I realize I’ve been talking about dumpster diving a lot, but it’s interesting. And gauging by page views, you seem to think it’s interesting too (these posts have been the most popular).
And even if you didn’t, I would post this story anyway because it’s a good one.
This week, I pulled about 400 books from the dumpster of a local university library. In the switch to all things digital, the pure and noble university library book is among the early casualties. And I barely scratched the surface of the dumpster, leaving tons behind.
These were seriously obscure, usually old (1970s and 1980s), scholarly non-fiction titles with a very limited potential audience. I’ll get to that in one second.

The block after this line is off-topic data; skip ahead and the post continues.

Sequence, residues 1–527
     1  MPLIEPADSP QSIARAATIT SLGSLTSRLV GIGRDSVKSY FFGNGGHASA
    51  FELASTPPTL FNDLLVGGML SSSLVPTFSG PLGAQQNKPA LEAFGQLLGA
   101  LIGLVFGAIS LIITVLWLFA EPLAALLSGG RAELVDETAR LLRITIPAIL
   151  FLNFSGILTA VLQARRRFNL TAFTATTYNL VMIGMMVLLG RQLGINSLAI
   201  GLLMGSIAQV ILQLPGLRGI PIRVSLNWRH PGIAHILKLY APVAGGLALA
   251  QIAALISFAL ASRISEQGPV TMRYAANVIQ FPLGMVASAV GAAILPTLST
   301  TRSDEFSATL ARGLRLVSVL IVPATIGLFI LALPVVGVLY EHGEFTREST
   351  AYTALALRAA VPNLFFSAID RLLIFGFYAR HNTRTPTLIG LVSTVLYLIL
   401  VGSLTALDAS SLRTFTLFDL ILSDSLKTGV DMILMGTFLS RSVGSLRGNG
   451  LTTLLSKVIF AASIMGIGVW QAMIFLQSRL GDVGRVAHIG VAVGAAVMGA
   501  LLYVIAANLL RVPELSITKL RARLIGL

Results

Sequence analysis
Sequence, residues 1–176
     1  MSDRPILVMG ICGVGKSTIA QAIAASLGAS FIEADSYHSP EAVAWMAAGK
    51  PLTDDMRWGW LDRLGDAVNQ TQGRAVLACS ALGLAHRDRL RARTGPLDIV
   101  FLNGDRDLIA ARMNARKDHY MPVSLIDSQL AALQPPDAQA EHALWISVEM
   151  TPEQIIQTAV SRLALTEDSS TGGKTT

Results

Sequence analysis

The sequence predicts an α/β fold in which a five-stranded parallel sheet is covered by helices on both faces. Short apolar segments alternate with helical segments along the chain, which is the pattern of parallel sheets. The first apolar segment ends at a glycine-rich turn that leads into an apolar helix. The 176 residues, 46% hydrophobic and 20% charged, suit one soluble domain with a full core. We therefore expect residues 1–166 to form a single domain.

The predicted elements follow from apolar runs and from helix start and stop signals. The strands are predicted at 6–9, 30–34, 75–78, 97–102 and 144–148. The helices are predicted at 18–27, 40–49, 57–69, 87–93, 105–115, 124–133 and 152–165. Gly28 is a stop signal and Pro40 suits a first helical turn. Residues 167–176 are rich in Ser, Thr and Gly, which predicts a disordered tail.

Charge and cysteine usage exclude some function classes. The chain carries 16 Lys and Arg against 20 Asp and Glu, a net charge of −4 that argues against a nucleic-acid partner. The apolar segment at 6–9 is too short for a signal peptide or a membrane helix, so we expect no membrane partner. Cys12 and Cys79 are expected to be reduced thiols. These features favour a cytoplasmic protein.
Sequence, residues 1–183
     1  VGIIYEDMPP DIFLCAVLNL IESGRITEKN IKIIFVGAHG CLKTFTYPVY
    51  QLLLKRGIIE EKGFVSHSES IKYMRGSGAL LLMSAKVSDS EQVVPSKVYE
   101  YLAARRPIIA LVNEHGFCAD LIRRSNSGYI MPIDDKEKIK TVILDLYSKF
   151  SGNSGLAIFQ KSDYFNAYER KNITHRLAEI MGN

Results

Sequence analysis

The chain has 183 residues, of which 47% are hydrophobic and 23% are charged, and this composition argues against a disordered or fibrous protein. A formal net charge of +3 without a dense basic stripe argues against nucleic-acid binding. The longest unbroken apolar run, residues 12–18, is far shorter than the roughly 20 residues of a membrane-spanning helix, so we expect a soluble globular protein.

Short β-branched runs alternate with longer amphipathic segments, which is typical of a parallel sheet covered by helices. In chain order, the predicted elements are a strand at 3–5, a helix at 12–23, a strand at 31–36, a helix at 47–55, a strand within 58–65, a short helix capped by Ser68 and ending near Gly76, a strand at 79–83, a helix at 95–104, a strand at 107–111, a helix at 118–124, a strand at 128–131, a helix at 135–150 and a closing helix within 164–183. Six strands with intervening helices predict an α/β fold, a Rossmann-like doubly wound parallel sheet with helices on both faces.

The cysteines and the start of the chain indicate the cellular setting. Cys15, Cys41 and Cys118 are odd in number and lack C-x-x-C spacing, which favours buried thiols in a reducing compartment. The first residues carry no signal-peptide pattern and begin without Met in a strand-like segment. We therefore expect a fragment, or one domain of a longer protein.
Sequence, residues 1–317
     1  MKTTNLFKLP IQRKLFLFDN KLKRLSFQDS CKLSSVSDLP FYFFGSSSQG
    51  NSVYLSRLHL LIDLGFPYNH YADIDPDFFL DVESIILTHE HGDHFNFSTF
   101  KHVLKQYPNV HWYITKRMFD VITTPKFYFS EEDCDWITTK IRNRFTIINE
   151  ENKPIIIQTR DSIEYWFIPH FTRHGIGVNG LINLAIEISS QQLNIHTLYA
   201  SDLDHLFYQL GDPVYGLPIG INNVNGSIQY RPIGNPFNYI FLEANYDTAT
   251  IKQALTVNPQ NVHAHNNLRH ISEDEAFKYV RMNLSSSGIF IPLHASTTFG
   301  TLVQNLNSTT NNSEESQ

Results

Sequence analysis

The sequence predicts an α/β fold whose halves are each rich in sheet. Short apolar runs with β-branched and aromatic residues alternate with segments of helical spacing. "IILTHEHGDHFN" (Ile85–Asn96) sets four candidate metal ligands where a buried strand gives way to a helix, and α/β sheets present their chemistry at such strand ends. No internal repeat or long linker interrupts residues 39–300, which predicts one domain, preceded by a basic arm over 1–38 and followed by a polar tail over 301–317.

Here was the final tally:
Approximately 400 books.
112 with a used value of $10 or more (I recycled the rest).
Total listing price: $5,900.
That’s for about 1 hour of loading and transport time, and 3 hours of sorting / listing.
If you think this is the score of the century, here’s the kicker:
The average sales rank for those 112 books was 4 million.
These are some seriously, seriously obscure books with a very limited demand. I would be extremely surprised if even 20% of these sold over the next year.
But that doesn’t matter. Because some of them will. And most will sell eventually. I didn’t pay anything for them. And I am unburdened of having to store them or even think about them ever again. I just sit back and collect the money – some of it next week, some of it in 5 years. But I don’t really care, because for 4 hours work, I’m totally happy.
The dumpster provides yet again. More stories like this to come, for sure.
Also, claim your free book: